Women, Islam, and the State in North Africa

  • Fatima SadiqiEmail author
Living reference work entry


This chapter portrays the ebb and flow of women at the intersection of Islam and the state in North Africa from the premodern to the postmodern eras. This intersection produced a holistic belief system that governs all aspects of life, including the political, the individual, the socio-economic, the moral, the spiritual, and the intellectual. The societies to which this system was introduced were heavily patriarchal and by no means “liberal,” but far from challenging this patriarchy, this system established and institutionalized a new set of patriarchal rules such as gender segregation, veiling and polygamy that harmonized with and gave a new impetus to the subordinate status of women. This institutionalization has been at the heart of political rule since the coming of Islam to North Africa. With the birth of the nation-state in the region in the middle of the twentieth century, legal Islam has been used to maintain patriarchal authority through the control of family laws, which are today the only ones still based on traditional fiqh (Islamic jurisprudence). With the coming of independence and the gradual spread of literacy, generations of women challenged the monopoly of legal Islam from various standpoints, hence producing women’s movements whose main demand has been reform of the family laws.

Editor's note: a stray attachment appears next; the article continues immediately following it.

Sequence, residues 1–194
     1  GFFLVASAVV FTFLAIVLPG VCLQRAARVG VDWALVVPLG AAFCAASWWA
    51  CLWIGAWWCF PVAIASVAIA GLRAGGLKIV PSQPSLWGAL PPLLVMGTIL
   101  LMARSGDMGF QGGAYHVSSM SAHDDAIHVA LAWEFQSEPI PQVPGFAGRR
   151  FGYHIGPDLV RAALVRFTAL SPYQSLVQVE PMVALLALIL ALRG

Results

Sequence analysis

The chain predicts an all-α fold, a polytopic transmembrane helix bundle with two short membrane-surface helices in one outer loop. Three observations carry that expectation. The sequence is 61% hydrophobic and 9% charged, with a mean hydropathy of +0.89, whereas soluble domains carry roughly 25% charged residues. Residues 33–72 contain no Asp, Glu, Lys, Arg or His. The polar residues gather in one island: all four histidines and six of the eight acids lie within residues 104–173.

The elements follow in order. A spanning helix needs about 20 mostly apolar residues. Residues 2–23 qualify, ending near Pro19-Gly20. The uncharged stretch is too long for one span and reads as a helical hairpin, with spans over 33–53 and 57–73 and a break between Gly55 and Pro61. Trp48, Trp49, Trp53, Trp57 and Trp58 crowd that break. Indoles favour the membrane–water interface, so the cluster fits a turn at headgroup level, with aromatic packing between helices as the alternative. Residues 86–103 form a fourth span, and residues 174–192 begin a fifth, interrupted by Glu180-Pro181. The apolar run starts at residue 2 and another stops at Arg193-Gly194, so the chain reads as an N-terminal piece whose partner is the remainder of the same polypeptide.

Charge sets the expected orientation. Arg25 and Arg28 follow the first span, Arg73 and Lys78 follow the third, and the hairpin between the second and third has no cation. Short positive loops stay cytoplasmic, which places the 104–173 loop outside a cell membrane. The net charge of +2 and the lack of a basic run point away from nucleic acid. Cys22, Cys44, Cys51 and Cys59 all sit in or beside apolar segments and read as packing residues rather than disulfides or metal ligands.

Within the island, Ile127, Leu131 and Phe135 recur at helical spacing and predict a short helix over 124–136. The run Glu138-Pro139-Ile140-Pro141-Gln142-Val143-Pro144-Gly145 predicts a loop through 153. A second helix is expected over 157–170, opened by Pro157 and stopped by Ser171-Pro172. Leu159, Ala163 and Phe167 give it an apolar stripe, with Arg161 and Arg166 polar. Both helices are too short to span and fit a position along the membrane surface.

Women Legal Islam State North Africa Patriarchy Agency Politics Premodern Postmodern Women’s movements 


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Copyright information

© The Author(s), under exclusive license to Springer Nature Switzerland AG 2019

Authors and Affiliations

  1. 1.University of FezFezMorocco

Section editors and affiliations

  • Olajumoke Yacob-Haliso
    • 1
  1. 1.Department of Political Science and Public AdministrationBabcock UniversityIlishan RemoNigeria

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